Three minor earthquakes in Drenthe in the past month are linked to gas drilling in the Eleveld field, the meteorological agency KNMI has confirmed.
The most recent on Saturday night was detected in the village of Ekehaar, just south of Assen, and measured 2.2 on the Richter scale.
A week ago a smaller quake measuring 1.3 was felt in the same village, while on October 2 a 1.9 quake was measured further south in Hooglaren. All three locations are above the small Eleveld gas field.
More than 1,000 earthquakes linked to gas extraction measuring up to 3.6 on the Richter scale have been recorded in the Slochteren gas field in Groningen since 1986, but quakes in the neighbouring province of Drenthe are much rarer.
The three latest quakes are the first to be felt in the Eleveld region since 2014. The mining regulator SodM said it was investigating the cause.
A spokesman said the earthquakes could be a ripple effect linked to the shutdown of gas production in Groningen, which may have caused the underground pressure in neighbouring fields to equalise.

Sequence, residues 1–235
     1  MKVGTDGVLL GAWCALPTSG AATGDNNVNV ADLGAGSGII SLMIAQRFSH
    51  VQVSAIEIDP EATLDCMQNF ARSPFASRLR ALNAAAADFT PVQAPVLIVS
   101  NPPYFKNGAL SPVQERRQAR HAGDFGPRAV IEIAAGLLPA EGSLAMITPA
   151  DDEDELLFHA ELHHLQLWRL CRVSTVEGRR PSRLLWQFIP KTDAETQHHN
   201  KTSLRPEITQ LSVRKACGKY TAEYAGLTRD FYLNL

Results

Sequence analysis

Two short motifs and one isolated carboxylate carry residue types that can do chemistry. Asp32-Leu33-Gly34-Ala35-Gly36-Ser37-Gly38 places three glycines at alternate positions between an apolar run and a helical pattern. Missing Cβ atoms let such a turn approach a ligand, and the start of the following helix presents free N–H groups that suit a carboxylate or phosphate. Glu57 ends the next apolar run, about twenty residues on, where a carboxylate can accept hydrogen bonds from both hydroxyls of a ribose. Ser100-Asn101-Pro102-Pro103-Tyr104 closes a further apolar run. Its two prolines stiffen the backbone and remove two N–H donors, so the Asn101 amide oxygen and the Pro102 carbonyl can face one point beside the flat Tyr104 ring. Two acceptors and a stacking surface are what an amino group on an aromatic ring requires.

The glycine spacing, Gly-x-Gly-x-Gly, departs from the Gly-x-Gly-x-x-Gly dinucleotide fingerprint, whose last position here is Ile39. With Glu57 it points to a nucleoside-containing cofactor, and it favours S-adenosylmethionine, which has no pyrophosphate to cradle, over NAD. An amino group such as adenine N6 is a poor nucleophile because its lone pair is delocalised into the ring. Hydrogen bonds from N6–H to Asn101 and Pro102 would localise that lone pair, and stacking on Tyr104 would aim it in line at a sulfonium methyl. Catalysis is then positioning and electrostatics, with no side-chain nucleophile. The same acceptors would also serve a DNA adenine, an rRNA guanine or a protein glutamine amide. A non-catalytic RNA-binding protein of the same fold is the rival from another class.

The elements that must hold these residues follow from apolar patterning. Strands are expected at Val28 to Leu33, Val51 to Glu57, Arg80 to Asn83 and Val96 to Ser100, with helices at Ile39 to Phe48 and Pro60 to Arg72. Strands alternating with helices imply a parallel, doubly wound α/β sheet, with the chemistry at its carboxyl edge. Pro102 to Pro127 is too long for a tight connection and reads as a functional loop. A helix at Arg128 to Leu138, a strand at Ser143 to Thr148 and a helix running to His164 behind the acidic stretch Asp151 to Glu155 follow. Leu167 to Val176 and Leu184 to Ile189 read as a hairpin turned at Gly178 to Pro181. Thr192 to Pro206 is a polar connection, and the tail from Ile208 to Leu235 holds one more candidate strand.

“Natural gas flows from places with high pressure to places with low pressure. This process also causes tension on fault lines deep underground, which can cause earthquakes,” the spokesman said.
The Council of State gave the go-ahead in 2020 for drilling to continue in smaller gas fields in Drenthe despite opposition from local residents, who argued that the risks have been underestimated.
No major reports of damage have been received, local broadcaster RTV Drenthe said, which may be due to the fact that the soil in the area is predominantly sand, which absorbs the impact better than the clay-based soil in Groningen.
The ministry of economic affairs has advised residents to report any earthquake damage to the Commissie Mijnbouwschade, which oversees compensation for the effects of mine working outside Groningen.
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